So it was an interesting day, especially for little Jackabo, who isnt so little anymore. He is coming two and was getting quite feisty and getting harder to handle and enjoyed biting. Common for babies I know, but I want that stallion mentality gone as soon as possible. We put fly spray all around his rump and legs, careful not to put it directly on his incision, but to keep the flies away. They are so bad this year. Here are some videos of Jack with the meds taking effect, getting back up and loading back into the trailer. Now THAT scared the daylights out of me...you'll see at the end how close he got to falling off the edge of the ramp! Thankfully that didn't happen and lesson learned, from now on, loading a sedated horse we WILL back the trailer INTO the shed rather than a few feet from it. Another lessoned learned. Enjoy the funny videos!

video video video

8 comments:

  1. Glad he wasn't hurt in the final trailer loading. Probably would have been a good idea to have waited a little longer until the sedation had completely worn off. Live and learn, I guess.

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  2. Poor Jack he will feel better in a few days.

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  3. Our vet left the incision open and did not sew shut.....new technique I guess and Romeo healed wonderfully. Interesting post....did you throw the testicles over the barn roof for luck....that's what our vet told us that race horse barns used to do? Luanne

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  4. Yeah C-ing Spots I totally agree! I was worried about that a BUNCH but of course 2 men talking about all the rain, and farming seemed to not even hear me....the thing is tho he'd also had been laying there a long time, he was still quite out of it when we got home...yes live and learn, next time, if there is one, Vet will come to the house to do it!
    Luanne, he didnt sew the incision shut, he only put in two little stitches to help heal faster, as you can see its open on both sides for drainage. However Jack was out running by later this afternoon, and checked him, NO bleeding at all, and NO SWELLING AT ALL!!!! Go by the signs everyone it DOES make a differnce..hmm hadn't heard of throwing them over the barn roof....bummer, I've got enough bad luck dont need no more!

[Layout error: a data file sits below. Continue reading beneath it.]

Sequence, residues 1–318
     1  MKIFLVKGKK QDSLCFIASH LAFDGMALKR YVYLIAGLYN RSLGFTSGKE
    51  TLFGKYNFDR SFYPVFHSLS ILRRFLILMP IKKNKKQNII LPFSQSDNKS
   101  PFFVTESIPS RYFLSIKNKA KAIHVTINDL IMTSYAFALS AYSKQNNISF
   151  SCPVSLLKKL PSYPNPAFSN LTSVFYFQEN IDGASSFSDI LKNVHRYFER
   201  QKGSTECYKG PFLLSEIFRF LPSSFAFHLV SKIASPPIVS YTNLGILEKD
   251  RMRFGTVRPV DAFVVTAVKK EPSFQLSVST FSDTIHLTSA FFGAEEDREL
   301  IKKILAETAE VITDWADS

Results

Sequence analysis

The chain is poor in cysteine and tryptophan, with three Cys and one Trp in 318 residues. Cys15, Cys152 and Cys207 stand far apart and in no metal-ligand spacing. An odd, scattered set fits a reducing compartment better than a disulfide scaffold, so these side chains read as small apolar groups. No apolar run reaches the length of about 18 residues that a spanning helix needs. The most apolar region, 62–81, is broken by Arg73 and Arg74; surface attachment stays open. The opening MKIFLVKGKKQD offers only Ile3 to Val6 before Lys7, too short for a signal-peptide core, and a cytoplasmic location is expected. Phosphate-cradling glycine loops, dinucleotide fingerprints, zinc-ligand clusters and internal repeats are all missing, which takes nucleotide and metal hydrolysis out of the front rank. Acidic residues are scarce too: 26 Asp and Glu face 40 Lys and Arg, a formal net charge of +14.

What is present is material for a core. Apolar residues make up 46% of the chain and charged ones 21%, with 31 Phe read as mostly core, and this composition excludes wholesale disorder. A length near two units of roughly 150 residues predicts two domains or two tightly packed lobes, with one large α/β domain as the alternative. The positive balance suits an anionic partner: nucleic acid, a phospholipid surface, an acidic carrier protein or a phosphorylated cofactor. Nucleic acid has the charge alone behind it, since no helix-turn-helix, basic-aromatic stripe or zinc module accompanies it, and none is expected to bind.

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  5. great pictures and explainations! Very interesting. I have never seen it done up close and personal the only animal I have ever seen done are sheep...now that is a strange way :) Hope all is well :]

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  6. Yikes! I've never seen that procedure up close before. Pretty impressive photos. What did you mean when you said, "Signs below the knee" How does that tell you about there being little bleeding?

    Poor Jack. He had a rought time of it. Good thing the doctors don't treat their human vasectomy patients in the same way during and after their 'V'...forcing them to get up and walk when they are still under anesthesia...and to stand in the back of a trailer driving down the road while all loopy and sore. gah!

    Glad to read that Jack is doing well, though. And I hope the gelding turns him into a bite-free boy and much calmer, too.

    Thanks for sharing the pics.

    ~Lisa

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  7. The act of throwing the horse's testicles is actually still practiced at many, if not all, racetracks. And you don't throw them over the barn roof, you throw them onto the roof and if they stick and don't roll off, it's considered good luck.